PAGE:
Ministry of External Affairs : Important Updates

What is the Non-Aligned Movement (NAM)?


From UPSC perspective, the following things are important :

Prelims level : Non-Aligned Movement (NAM), NATO

Mains level : Relevance of NAM

Non-alignment is an old concept today, and India has adopted an approach of “issue-based alignment”, according to External Affairs Minister S. Jaishankar.

Try this question for mains:

Q.“The gradual exit of the US from institutional geopolitics has created an ocean of opportunity for small nations”. Discuss.

What is the Non-Aligned Movement (NAM)?

  • The NAM is a forum of 120 developing world states that are not formally aligned with or against any major power bloc.
  • The group was started in Belgrade, Yugoslavia in 1961.
  • After the UN, it is the largest grouping of states worldwide.

Its formation

  • NAM emerged in the context of the wave of decolonization that followed World War II.
  • It was created by Yugoslavia’s President, Josip Broz Tito, India’s first PM, Jawaharlal Nehru, Egypt’s second President Gamal Abdel Nasser, Ghana’s first president Kwame Nkrumah, and Indonesia’s first President, Sukarno.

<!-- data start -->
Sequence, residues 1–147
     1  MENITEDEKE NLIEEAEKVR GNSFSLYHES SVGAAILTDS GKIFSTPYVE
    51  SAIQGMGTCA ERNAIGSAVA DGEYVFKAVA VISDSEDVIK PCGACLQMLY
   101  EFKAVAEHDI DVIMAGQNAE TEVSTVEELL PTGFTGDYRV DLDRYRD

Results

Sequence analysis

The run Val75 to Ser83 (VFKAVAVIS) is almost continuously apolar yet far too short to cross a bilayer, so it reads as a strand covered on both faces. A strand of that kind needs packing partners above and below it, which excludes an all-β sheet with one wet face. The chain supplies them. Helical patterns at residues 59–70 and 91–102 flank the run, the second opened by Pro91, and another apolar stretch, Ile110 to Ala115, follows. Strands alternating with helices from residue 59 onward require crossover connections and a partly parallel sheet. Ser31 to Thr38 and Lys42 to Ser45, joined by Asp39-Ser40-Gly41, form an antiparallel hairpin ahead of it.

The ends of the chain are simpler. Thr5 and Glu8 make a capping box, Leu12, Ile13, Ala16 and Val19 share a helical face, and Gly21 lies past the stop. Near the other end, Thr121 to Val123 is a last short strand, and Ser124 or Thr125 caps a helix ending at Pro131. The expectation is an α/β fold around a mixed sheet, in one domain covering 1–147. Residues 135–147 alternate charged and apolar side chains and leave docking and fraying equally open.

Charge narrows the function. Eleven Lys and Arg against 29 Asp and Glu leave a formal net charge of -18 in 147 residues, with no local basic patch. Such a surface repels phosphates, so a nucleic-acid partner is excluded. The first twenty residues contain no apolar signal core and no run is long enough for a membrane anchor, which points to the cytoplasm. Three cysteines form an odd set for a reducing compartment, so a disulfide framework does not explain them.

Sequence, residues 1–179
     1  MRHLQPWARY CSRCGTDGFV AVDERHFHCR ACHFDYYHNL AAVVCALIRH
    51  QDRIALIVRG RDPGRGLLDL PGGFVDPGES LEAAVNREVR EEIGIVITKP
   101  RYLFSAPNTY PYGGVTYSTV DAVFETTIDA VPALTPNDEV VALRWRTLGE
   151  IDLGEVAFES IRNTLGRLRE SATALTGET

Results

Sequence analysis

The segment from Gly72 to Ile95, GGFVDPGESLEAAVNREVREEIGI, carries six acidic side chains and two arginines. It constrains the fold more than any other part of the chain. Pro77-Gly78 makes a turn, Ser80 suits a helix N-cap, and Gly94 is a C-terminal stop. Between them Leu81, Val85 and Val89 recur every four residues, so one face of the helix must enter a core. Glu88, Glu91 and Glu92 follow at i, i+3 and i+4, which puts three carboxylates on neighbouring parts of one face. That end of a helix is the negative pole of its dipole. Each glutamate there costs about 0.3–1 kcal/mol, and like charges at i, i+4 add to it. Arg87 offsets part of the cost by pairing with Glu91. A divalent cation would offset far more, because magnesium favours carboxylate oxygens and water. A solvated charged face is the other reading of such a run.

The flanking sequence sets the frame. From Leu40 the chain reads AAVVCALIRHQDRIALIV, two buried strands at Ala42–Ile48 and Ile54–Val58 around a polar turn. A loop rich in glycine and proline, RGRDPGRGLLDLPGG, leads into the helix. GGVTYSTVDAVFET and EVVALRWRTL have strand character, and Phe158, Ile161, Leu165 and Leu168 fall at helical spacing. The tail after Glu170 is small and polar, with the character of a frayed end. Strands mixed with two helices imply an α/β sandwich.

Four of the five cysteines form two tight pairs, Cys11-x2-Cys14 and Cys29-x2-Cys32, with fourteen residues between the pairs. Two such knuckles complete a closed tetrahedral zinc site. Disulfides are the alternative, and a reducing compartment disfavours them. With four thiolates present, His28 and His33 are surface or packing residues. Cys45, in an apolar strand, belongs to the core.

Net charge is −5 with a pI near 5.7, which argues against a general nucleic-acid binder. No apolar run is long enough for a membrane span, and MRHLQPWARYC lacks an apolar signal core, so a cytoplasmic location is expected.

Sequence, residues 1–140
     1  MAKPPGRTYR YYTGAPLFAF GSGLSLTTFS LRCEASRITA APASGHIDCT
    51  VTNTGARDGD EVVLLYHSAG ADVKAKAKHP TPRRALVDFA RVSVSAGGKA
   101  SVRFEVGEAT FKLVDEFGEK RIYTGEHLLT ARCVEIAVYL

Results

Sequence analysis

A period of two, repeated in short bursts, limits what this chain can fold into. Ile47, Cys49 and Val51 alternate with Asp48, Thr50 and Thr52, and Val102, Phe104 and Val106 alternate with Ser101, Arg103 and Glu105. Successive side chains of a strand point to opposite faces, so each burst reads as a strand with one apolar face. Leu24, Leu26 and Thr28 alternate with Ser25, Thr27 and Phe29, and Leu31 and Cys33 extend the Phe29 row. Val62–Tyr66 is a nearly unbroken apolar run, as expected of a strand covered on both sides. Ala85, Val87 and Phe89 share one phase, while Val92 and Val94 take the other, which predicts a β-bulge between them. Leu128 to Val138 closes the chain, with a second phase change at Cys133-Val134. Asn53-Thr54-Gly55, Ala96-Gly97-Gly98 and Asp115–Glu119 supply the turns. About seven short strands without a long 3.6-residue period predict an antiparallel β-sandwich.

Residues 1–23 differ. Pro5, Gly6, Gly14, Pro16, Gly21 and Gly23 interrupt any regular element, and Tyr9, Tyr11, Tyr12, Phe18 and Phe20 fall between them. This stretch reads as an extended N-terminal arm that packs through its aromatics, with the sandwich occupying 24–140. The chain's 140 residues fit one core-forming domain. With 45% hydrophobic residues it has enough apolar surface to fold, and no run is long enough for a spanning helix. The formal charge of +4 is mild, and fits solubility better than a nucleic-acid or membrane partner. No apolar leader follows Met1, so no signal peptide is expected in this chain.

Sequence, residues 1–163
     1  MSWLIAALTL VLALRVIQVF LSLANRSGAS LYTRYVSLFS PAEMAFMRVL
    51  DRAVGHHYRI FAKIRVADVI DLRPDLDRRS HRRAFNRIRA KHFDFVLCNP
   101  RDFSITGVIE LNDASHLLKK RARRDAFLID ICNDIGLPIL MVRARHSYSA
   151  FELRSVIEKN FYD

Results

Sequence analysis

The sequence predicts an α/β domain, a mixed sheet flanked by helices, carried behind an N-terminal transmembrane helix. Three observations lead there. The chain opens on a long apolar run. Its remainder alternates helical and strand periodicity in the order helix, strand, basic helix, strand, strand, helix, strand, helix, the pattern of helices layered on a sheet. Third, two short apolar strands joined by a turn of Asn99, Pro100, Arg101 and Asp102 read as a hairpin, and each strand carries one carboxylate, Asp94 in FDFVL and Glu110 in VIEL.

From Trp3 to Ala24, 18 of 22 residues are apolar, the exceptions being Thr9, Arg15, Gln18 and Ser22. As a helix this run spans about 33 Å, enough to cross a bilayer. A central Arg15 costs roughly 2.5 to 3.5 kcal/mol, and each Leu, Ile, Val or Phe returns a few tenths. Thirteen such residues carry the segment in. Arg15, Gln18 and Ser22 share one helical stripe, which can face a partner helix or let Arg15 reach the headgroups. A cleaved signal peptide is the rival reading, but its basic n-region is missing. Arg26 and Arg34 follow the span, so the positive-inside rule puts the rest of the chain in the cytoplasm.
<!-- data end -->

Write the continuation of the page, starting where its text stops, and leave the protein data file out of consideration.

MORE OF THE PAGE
• All five leaders believed that developing countries should not help either the Western or Eastern blocs in the Cold War.
  • As a condition for membership, the states of the NAM cannot be part of a multilateral military alliance (such as the NATO) or have signed a bilateral military agreement with one of the “big powers” involved in Great Power conflicts.
  • However, its idea does not signify that a state ought to remain passive or even neutral in international politics.

Its relevance today

  • One of the challenges of the NAM in the 21st century has been to reassess its identity and purpose in the post-Cold War era.
  • The movement has continued to advocate for international cooperation, multilateralism, and national self-determination, but it has also been increasingly vocal against the inequities of the world economic order.
  • On the contrary, from the founding of the NAM, its stated aim has been to give a voice to developing countries and to encourage their concerted action in world affairs.

The geopolitics of opportunity

  • Non-alignment was a term of a particular era and geopolitical landscape. One aspect was independence, which remains a factor of continuity for India.
  • The consequences of global shifts, including the US and the assertiveness of China, are opening spaces for middle powers like India, Japan, the EU and others.

US repositioning has impacted everyone

  • The consequence of repositioning of the US, that the big umbrella is now smaller than it used to be, has allowed many other countries to play more autonomous roles.
  • India needs to take more “risks”, as the world expected it to take a more proactive stance on various issues including connectivity, maritime security, terrorism, climate change and terrorism.
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